I stress again that it depends on the firm/group. Some up-and-coming V30+ with strong patent pros groups are starting to get picky about the credentials of the applicants they hire, but some are still focused on the technical abilities of the applicants more than the exact degree. You can try going online to visit the firm's page that you're applying to, and see if people in the IP dept. got hired with B.S. degrees. That'll hopefully give you an indication of how common/rare it is for people like you to get hired. At my firm, you're only going to see the one person; at others, you may see a bunch more.


By V30+ do you mean those Vault rankings? I'm a patent prosecutor and nobody in the industry knows that stuff. I looked at the list and most of those firms don't even do much (if any) EE/CS prosecution. You can look at something like the IP Today top patent firms rankings, which lists firms in terms of volume of allowances. Not 100% accurate because some companies do their own docketing and allowances are prosecution-based, but it can give you an idea.

Also, so few people are entering this field nowadays, especially with EE or CS backgrounds. The industry has gone from focusing on (in progression) Electrical Engineering, Computer Science, Physics, Mechanical Engineering, anything else patent bar eligible. I can't see a firm even trying to only focus on people with MS degrees. That's impossible now.

h2go

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Re: Patent prosecution job with foreign BSEE degree

Postby h2go » Wed Jun 15, 2016 2:48 am

M.S. is definitely not necessary for EE/ME/CS. Sure, it would be better, but you can definitely get a job at a top firm without one with decent grades from a decent school.

Volume of allowances is not necessarily the best metric. A lot of the firms do a bunch of low-cost foreign inbound work from Samsung, Fujitsu, Sony, etc. Fish and Finnegan are probably still top in terms of quality.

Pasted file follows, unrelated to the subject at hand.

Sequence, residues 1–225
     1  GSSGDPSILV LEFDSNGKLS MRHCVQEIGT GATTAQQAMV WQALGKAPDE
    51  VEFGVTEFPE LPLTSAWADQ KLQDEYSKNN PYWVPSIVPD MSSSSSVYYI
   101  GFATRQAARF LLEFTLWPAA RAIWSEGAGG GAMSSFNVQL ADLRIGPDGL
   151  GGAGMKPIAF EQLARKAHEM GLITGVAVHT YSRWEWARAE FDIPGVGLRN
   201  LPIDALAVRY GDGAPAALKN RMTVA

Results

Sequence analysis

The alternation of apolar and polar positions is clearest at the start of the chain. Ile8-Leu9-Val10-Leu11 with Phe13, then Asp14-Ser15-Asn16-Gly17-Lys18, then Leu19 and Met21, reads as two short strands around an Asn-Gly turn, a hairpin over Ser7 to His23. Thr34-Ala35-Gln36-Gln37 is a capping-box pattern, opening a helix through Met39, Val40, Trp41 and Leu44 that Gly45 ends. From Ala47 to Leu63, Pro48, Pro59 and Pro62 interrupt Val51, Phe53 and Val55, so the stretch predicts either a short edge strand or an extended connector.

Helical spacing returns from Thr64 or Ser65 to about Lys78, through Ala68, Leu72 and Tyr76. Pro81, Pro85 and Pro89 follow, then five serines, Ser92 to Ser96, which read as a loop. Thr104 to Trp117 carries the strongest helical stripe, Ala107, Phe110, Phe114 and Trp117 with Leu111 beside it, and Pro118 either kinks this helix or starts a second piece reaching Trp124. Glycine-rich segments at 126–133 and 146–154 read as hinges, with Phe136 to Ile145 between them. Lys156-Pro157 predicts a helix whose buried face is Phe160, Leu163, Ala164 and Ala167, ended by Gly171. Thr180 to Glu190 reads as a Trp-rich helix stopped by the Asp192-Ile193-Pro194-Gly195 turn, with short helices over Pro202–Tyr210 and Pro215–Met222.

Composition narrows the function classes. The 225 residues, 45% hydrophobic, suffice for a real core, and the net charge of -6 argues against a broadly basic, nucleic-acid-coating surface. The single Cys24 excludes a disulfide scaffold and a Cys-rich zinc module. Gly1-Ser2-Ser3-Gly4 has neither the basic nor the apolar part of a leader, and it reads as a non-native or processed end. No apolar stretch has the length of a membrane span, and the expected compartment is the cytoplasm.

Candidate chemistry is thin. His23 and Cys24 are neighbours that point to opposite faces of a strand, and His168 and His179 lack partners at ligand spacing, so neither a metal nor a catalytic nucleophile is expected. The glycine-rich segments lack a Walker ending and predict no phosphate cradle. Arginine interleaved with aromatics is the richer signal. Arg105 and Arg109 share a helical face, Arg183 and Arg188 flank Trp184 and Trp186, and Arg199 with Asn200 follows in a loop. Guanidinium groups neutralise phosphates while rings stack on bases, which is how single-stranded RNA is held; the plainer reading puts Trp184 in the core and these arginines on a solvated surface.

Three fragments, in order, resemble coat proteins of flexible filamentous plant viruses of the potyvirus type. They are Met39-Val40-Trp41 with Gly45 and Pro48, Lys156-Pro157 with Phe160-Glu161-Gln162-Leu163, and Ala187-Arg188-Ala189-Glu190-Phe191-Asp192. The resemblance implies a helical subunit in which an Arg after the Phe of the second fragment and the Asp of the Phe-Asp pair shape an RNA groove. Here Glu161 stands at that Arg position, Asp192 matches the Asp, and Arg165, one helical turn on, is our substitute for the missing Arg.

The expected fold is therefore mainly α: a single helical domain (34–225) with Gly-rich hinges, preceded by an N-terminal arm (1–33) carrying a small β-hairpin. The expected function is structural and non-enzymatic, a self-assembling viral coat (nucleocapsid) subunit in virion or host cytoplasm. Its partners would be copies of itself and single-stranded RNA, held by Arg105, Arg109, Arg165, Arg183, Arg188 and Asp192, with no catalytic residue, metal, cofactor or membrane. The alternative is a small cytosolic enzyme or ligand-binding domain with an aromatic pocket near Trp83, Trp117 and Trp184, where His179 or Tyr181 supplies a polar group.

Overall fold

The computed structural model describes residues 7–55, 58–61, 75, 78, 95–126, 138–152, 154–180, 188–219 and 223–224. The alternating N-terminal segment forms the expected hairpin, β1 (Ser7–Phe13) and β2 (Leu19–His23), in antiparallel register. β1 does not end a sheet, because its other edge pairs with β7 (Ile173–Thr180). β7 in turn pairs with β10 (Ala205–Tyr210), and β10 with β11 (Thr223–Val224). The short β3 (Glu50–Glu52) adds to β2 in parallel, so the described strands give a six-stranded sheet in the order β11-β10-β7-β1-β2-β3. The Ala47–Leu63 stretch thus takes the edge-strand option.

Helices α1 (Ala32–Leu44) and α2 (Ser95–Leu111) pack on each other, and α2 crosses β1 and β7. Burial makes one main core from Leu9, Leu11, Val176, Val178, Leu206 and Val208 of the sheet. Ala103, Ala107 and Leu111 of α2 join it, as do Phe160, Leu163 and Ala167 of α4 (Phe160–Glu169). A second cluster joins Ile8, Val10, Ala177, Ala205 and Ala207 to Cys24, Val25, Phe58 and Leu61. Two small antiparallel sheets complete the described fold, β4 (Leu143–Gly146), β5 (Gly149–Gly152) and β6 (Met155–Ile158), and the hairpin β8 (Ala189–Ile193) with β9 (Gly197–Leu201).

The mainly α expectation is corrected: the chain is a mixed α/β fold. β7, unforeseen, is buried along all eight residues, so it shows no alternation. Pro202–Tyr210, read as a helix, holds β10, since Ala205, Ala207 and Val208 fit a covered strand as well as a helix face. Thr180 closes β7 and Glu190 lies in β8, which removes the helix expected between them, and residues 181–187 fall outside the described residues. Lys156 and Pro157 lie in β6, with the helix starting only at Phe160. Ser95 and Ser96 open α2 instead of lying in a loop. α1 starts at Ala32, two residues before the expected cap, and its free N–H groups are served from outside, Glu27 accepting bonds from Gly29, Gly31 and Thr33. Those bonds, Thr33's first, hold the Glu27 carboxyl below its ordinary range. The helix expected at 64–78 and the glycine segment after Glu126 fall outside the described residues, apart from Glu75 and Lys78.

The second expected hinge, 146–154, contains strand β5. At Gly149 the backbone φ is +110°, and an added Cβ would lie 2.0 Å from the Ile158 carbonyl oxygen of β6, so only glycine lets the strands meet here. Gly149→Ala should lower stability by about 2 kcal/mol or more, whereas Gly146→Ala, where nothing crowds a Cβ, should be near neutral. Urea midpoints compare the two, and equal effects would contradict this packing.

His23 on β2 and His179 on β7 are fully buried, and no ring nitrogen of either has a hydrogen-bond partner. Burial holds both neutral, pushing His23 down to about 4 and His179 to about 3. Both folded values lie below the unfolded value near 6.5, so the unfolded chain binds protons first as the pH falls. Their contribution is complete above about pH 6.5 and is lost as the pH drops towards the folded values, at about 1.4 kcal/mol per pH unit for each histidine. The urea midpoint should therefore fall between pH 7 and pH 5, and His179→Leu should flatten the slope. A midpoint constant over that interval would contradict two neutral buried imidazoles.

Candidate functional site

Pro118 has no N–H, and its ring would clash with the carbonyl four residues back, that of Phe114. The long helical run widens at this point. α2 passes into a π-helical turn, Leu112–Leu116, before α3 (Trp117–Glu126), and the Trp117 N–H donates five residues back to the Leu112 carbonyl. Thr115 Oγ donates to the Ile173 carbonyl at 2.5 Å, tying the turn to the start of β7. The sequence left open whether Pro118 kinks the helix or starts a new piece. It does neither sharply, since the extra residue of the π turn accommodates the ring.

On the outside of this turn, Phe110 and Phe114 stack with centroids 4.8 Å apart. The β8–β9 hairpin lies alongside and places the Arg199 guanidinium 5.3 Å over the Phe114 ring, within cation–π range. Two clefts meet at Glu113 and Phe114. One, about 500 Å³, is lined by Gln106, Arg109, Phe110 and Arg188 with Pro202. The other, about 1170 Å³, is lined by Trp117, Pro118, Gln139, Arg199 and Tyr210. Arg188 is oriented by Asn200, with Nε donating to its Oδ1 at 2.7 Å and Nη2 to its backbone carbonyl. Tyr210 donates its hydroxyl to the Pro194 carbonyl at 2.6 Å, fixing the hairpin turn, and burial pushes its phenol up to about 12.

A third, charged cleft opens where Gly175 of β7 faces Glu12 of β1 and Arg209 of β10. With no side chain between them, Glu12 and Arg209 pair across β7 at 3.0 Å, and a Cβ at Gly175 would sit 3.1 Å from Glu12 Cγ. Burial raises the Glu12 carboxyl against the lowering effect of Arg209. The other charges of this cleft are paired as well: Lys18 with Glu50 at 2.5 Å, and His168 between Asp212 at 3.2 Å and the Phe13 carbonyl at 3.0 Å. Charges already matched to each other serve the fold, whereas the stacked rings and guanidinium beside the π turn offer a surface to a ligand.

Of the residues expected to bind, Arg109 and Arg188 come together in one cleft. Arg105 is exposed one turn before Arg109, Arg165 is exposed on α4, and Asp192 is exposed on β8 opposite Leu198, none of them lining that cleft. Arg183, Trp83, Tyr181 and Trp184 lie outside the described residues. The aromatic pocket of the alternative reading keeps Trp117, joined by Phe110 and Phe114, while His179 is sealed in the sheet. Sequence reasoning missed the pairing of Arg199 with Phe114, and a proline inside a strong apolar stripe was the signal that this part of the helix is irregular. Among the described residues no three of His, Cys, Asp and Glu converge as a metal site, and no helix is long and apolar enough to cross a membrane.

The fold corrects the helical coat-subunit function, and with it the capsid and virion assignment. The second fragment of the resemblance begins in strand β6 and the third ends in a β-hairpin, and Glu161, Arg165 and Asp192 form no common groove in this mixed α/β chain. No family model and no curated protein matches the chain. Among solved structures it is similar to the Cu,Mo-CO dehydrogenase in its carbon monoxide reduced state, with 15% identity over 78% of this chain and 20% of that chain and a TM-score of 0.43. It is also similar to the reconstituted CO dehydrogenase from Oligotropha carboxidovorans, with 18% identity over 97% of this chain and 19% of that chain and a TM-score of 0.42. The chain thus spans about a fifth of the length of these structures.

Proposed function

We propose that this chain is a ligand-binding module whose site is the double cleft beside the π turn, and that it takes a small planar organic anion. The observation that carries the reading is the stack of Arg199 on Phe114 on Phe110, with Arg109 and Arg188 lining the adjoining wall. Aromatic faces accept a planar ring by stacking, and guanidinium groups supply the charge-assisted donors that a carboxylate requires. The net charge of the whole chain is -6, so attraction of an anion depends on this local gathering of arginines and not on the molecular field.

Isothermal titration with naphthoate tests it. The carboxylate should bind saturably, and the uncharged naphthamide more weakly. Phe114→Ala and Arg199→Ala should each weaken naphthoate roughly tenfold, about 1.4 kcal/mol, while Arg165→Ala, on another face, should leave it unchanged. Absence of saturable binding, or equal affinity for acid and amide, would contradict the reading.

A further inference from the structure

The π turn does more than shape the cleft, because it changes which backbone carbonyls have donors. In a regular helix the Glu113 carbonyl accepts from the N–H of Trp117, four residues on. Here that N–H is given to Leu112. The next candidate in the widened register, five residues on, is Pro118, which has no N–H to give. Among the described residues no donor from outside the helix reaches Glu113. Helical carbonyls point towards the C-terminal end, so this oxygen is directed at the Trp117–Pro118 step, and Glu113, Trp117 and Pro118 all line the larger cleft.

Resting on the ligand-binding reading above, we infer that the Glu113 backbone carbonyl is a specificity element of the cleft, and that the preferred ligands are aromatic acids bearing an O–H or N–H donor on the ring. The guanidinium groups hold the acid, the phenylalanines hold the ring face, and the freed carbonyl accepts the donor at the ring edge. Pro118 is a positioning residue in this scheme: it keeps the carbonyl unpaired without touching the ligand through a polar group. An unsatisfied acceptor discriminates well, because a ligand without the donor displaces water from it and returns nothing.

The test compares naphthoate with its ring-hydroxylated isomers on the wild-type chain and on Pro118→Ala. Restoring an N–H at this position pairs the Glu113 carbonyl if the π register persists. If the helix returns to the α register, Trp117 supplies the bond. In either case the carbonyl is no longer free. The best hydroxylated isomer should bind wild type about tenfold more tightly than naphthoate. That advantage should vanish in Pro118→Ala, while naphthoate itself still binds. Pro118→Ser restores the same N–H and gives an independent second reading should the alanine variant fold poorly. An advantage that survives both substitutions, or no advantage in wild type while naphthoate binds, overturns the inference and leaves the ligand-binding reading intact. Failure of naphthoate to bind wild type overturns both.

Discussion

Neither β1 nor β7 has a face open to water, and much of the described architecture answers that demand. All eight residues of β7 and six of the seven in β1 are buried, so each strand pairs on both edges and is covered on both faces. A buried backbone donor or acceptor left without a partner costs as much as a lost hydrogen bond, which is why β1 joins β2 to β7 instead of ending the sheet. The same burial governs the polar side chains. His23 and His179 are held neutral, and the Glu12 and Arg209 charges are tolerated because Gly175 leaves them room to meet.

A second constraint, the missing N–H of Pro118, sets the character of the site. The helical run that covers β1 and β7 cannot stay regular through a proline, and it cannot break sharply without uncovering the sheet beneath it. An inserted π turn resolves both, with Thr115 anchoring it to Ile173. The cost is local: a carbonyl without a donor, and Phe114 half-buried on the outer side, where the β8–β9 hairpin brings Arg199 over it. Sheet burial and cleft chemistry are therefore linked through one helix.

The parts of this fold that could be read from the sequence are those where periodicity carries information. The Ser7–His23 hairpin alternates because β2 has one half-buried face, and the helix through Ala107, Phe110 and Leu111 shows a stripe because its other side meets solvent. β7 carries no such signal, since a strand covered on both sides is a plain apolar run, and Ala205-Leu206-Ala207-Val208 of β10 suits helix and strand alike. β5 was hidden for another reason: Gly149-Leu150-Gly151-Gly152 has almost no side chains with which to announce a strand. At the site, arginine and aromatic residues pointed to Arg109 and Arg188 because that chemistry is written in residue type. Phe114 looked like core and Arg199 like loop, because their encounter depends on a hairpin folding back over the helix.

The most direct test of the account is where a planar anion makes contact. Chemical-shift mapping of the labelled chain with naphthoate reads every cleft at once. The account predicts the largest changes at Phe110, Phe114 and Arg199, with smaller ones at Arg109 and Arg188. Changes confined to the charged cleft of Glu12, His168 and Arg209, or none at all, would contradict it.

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Re: Patent prosecution job with foreign BSEE degree

Postby Anonymous User » Wed Jun 15, 2016 3:02 am

Best in quality would be a good solo practitioner. Same budget, lower billing rate.

Foreign in-bound work isn't that low-cost and it's extremely lucrative. I'd be happy to do that stuff! A lot of those NoVa/DC in-bound focused firms have good salaries and easy hours. I wish we did that stuff on the West Coast. I just went through Finnegan's filings and I see that they're doing a lot of in-bound JP work. Their EE/CS prosecution work seems like it's nothing out of the ordinary.

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Re: Patent prosecution job with foreign BSEE degree

Postby Anonymous User » Wed Jun 15, 2016 4:51 am

Firms like Sughrue and Oblon are always up there near the top in terms of volume but I've heard some of those extreme volume firms are pretty terrible places to work at...even worse than a typical biglaw firm, insane policies to force production. Policies along the lines of insurance defense firms and other mills

As for the op, BS is fine though foreign could hurt you if it not a well known international Univ. For CS/EE space ppl tho, experience in the industry is wayyyyyyyyy more desirable than fancy degrees

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Re: Patent prosecution job with foreign BSEE degree

Postby Anonymous User » Wed Jun 15, 2016 1:37 pm

Anonymous User wrote:Best in quality would be a good solo practitioner. Same budget, lower billing rate.

Foreign in-bound work isn't that low-cost and it's extremely lucrative. I'd be happy to do that stuff! A lot of those NoVa/DC in-bound focused firms have good salaries and easy hours. I wish we did that stuff on the West Coast. I just went through Finnegan's filings and I see that they're doing a lot of in-bound JP work. Their EE/CS prosecution work seems like it's nothing out of the ordinary.


For quality, I meant in terms of places OP could actually work at and receive good training. There definitely are other boutiques and GP firms that are doing quality work besides Fish and Finnegan. I agree that foreign in-bound work is extremely lucrative, but you're not going to learn anything if that's all you do. You don't draft any applications and most of the time your just follow whatever instructions you receive from the client/foreign associate.